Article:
"It's an elaborate, very pretty dance, but it's absolutely critical because when this goes wrong, that's what cancer is all about, right? The cell division cycle isn't working right, you get cancer," Harer said.
The circadian clock, which is largely impacted by light and darkness, has similar mechanisms. Together, the biological clocks present a challenge - a mathematical one - to scientists trying to create models of what is happening and how the various systems work together.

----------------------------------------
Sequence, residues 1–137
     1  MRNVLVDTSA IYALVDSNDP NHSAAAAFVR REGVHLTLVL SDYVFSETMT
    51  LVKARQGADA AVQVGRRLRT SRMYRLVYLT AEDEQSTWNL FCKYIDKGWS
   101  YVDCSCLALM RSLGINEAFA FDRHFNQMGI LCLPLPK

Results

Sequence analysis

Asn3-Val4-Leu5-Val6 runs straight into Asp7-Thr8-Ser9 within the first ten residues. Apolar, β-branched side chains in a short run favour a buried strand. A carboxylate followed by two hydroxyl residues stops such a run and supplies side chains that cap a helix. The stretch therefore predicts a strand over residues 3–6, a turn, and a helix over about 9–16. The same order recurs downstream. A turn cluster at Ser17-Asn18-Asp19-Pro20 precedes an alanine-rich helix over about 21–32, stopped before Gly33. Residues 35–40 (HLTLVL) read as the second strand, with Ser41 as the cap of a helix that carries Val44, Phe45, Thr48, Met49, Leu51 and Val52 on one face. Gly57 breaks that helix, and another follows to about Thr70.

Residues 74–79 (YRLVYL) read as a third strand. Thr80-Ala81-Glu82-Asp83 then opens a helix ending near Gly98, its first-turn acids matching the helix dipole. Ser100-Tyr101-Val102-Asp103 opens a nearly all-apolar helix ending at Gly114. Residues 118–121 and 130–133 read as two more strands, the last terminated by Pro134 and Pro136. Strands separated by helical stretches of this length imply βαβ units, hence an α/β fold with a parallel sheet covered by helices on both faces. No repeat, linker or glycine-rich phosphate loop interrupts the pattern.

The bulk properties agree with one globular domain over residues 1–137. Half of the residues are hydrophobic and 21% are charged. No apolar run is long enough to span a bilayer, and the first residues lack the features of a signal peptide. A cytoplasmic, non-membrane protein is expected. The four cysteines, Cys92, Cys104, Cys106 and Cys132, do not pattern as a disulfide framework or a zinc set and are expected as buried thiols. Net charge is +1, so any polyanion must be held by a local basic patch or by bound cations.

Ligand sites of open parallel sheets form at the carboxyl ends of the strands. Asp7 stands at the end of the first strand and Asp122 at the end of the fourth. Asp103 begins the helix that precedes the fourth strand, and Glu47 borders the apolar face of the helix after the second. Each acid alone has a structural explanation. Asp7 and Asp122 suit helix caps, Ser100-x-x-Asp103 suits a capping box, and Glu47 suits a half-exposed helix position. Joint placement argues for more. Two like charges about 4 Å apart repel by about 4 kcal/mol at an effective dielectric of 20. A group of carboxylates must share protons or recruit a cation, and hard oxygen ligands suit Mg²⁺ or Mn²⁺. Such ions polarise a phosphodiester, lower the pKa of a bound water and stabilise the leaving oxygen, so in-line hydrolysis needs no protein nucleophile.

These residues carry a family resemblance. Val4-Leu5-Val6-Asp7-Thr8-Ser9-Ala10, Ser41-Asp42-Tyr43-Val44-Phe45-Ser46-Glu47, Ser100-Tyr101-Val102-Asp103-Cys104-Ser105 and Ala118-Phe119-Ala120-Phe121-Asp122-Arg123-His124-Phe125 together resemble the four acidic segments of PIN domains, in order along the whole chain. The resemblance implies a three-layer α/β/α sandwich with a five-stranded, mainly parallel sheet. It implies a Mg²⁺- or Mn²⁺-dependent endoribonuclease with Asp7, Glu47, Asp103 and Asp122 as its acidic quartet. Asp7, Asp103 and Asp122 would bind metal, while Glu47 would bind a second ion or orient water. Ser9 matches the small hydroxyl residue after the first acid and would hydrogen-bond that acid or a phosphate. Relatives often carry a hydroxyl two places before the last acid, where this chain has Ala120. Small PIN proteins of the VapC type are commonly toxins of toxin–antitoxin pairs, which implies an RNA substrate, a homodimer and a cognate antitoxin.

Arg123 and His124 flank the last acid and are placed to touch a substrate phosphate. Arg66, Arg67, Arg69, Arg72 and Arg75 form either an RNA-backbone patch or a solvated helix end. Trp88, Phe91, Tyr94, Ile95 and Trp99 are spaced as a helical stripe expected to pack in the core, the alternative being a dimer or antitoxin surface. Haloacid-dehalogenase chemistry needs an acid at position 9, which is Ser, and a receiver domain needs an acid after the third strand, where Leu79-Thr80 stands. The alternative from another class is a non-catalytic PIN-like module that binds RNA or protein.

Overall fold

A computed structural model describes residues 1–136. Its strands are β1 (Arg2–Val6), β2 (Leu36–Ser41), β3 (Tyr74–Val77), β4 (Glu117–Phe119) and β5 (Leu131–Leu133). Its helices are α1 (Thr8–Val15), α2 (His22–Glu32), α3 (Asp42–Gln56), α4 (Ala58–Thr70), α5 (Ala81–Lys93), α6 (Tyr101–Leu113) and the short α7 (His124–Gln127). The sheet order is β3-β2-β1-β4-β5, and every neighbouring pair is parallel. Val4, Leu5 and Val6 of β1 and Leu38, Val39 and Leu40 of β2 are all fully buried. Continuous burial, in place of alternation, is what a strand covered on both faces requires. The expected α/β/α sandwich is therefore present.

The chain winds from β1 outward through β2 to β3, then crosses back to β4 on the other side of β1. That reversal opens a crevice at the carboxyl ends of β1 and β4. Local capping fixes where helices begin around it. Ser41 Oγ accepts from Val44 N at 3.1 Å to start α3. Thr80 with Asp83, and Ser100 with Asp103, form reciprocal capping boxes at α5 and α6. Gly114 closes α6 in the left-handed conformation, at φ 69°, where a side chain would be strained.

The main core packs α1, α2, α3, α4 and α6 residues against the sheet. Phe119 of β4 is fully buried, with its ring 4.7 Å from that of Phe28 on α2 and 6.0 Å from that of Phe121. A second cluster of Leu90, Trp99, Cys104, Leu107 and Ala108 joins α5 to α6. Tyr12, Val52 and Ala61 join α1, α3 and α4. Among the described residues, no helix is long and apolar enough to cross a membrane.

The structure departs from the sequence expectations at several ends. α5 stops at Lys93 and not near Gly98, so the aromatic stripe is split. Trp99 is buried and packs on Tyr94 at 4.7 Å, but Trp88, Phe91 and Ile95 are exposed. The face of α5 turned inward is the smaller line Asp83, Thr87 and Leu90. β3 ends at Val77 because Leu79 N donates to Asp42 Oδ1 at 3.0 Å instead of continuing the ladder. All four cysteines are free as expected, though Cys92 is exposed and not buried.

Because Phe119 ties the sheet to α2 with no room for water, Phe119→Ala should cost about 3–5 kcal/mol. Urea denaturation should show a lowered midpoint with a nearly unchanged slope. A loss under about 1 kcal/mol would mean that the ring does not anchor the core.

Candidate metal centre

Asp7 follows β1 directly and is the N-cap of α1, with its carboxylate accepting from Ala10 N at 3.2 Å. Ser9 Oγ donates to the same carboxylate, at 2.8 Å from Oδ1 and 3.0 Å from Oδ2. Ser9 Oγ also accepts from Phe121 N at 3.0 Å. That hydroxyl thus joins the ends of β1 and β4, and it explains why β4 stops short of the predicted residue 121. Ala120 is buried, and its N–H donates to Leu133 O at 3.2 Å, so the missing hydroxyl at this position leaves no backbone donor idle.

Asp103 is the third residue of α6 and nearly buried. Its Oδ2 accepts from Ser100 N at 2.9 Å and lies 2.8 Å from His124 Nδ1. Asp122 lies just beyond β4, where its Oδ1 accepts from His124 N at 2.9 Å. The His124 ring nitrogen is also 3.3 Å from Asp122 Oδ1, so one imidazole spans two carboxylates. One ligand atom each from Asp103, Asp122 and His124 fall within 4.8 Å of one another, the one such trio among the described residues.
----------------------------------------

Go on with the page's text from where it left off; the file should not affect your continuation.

"That's where you get to the possibility of explaining things, like why is it that people who have bad sleep patterns maybe are more likely to get certain kinds of diseases, like cancer," Harer said. "Maybe there's a coupling between the circadian clocks and the cell-cycle clocks. Or why is it that people who have sleep problems, also have metabolism problems?"
Accurate models would, in turn, guide the work of biologists looking for ways to restore, repair or enhance biological clocks.
DARPA says that could be key to helping soldiers in battle, improving trauma care and unraveling mechanisms of and treatments for disease.